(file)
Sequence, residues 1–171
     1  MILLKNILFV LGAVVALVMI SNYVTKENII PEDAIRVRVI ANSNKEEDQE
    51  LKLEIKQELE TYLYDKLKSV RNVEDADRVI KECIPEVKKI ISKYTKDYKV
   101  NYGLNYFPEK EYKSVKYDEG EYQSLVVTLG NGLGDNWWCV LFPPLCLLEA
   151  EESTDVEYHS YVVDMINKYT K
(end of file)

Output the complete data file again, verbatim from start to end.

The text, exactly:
Sequence, residues 1–171
     1  MILLKNILFV LGAVVALVMI SNYVTKENII PEDAIRVRVI ANSNKEEDQE
    51  LKLEIKQELE TYLYDKLKSV RNVEDADRVI KECIPEVKKI ISKYTKDYKV
   101  NYGLNYFPEK EYKSVKYDEG EYQSLVVTLG NGLGDNWWCV LFPPLCLLEA
   151  EESTDVEYHS YVVDMINKYT K